Changing code at the point of release.
If you ever change some code prior to building your release, and then fail to test it, your release will have bugs. In the best case you will have introduced a new bug (assuming the one you were trying to fix was fixed by your last minute change). At worst you will have completely broken your mod and it will no longer work.
Publishing an unattainable release date.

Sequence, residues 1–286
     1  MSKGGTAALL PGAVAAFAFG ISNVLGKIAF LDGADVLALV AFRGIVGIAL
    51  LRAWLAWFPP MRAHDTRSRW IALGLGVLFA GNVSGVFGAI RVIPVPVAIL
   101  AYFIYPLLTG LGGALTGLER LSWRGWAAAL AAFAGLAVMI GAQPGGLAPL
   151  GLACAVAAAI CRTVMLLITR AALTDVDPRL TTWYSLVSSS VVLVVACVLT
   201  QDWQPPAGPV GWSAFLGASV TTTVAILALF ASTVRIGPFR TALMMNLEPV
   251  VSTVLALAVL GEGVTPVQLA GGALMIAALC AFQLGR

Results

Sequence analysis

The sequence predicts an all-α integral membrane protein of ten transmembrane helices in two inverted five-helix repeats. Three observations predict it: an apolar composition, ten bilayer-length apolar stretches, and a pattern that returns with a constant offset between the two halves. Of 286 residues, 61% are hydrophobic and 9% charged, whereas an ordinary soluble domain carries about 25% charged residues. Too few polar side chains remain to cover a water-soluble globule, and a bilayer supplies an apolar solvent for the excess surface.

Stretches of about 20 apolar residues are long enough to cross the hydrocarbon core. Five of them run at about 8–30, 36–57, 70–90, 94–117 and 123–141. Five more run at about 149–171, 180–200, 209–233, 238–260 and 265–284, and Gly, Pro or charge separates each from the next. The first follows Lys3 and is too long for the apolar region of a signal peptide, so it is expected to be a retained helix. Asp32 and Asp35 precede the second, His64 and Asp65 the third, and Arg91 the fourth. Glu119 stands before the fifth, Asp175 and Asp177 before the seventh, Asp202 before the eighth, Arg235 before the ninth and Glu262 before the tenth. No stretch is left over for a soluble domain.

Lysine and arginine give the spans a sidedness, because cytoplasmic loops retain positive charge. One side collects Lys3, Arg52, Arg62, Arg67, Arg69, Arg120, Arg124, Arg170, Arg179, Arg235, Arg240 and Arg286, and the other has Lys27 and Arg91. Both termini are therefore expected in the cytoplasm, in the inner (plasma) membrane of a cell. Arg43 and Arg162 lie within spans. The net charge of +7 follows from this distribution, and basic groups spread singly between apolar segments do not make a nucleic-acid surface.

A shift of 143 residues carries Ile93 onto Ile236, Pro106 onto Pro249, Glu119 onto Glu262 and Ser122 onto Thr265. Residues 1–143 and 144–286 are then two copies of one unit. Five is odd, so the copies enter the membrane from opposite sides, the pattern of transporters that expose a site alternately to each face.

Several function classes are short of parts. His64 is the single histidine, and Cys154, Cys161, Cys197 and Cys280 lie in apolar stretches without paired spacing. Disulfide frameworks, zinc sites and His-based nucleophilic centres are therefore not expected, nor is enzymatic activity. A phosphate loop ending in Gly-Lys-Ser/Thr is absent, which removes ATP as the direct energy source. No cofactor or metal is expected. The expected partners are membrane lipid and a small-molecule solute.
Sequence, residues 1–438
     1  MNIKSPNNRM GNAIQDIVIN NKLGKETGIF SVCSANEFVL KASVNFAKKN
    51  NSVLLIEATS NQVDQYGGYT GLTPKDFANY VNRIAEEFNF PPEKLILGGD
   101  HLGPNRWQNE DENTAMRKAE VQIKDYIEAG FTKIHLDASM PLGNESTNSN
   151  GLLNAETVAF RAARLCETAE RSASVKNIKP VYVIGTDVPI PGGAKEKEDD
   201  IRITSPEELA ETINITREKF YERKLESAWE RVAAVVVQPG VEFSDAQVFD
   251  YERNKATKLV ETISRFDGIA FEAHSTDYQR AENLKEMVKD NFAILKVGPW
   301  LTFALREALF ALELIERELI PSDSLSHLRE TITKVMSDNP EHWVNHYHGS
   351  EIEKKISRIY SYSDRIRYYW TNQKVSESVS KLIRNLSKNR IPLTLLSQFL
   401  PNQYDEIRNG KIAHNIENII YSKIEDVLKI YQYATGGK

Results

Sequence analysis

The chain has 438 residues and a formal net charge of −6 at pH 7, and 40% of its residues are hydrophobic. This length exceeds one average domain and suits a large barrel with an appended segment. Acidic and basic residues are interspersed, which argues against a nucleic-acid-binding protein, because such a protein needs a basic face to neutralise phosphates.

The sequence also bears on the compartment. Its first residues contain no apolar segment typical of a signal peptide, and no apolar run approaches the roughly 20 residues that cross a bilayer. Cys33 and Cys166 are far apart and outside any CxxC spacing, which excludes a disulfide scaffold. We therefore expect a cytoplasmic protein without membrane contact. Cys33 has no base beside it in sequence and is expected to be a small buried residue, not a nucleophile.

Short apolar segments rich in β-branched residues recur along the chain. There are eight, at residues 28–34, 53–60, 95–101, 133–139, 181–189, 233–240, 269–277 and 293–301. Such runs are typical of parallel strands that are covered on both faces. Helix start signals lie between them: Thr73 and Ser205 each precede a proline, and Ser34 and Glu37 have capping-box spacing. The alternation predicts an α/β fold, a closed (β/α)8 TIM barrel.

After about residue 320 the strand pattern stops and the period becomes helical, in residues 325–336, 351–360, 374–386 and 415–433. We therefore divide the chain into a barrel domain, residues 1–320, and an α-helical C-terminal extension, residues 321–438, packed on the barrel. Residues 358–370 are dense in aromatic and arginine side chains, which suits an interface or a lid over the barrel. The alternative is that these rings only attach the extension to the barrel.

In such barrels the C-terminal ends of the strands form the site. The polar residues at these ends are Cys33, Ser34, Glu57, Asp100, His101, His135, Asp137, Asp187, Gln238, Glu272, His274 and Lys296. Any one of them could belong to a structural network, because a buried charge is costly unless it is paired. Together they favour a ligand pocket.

As a developer you are always optimistic about how much bug free code you can write in a given amount of time. Publishing a release date for your mod based upon your expectations of when the mod will be finished will out you and your team under extreme pressure. Have you allowed time for testing and bug fixing in your date? Do you have any spare time (contingency) added to cater for interruptions from real life? Bad things happen when release dates are missed. The developer and testers may get discouraged. People will start to lose interest in the mod and accuse it of being vapourware. Your team may get flamed to a crisp for not delivering on your published release date. Your "consumers" wonít care that your PC caught fire, or that a builder has severed your Internet connection so you couldnít do anything. All they will see is that you failed to deliver, when you said you were going to.